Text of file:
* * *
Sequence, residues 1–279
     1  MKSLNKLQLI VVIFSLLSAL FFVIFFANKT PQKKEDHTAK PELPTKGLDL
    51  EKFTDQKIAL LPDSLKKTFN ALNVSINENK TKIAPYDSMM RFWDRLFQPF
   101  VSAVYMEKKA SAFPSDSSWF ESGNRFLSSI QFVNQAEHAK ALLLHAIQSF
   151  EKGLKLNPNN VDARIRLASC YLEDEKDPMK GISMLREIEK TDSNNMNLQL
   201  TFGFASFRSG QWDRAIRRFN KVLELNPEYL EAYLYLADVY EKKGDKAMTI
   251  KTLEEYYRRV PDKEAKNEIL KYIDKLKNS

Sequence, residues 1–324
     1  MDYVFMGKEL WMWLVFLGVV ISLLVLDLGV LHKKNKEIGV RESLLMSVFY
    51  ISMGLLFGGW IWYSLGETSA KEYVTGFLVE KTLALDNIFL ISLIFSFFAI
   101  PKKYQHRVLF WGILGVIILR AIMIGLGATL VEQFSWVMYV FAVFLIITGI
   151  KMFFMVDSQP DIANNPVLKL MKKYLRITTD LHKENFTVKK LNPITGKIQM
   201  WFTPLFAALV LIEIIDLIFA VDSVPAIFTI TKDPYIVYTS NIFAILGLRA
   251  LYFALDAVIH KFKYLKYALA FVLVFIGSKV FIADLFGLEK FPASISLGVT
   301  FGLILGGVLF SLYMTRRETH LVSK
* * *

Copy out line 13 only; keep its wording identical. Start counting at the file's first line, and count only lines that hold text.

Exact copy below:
   201  WFTPLFAALV LIEIIDLIFA VDSVPAIFTI TKDPYIVYTS NIFAILGLRA